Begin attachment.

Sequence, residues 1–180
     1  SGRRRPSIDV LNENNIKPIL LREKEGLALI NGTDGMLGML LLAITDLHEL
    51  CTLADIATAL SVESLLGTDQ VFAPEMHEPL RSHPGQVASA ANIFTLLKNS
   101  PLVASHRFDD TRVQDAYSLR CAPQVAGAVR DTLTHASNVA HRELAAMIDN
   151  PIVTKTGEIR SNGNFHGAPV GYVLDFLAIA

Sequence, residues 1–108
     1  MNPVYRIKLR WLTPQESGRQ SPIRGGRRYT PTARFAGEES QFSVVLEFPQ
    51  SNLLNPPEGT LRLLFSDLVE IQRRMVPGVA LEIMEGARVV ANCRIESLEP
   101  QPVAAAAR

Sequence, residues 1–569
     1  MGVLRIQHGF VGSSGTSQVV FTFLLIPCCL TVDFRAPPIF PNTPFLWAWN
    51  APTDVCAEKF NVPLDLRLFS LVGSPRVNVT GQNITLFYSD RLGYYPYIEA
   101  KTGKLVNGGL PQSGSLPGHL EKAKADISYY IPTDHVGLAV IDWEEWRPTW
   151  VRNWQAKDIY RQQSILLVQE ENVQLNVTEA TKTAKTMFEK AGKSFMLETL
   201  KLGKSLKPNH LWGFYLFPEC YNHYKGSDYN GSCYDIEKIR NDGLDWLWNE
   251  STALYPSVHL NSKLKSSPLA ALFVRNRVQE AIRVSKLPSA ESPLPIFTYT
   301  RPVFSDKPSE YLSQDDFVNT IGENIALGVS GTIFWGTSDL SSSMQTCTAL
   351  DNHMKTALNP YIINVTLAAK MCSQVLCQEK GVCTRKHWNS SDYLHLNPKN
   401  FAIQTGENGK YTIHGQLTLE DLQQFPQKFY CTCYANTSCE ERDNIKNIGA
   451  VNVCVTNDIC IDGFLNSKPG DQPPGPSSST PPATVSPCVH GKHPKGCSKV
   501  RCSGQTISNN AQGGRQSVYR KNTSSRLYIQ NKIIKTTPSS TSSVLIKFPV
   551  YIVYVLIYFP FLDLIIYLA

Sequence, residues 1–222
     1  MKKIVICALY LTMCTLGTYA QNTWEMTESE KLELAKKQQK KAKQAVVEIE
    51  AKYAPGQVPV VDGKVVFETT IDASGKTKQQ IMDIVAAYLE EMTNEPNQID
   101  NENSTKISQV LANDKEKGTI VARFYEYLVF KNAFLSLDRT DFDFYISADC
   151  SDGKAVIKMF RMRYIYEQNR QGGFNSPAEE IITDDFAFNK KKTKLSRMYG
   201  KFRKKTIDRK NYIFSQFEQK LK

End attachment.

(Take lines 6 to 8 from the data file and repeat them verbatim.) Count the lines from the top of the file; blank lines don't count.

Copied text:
Sequence, residues 1–108
     1  MNPVYRIKLR WLTPQESGRQ SPIRGGRRYT PTARFAGEES QFSVVLEFPQ
    51  SNLLNPPEGT LRLLFSDLVE IQRRMVPGVA LEIMEGARVV ANCRIESLEP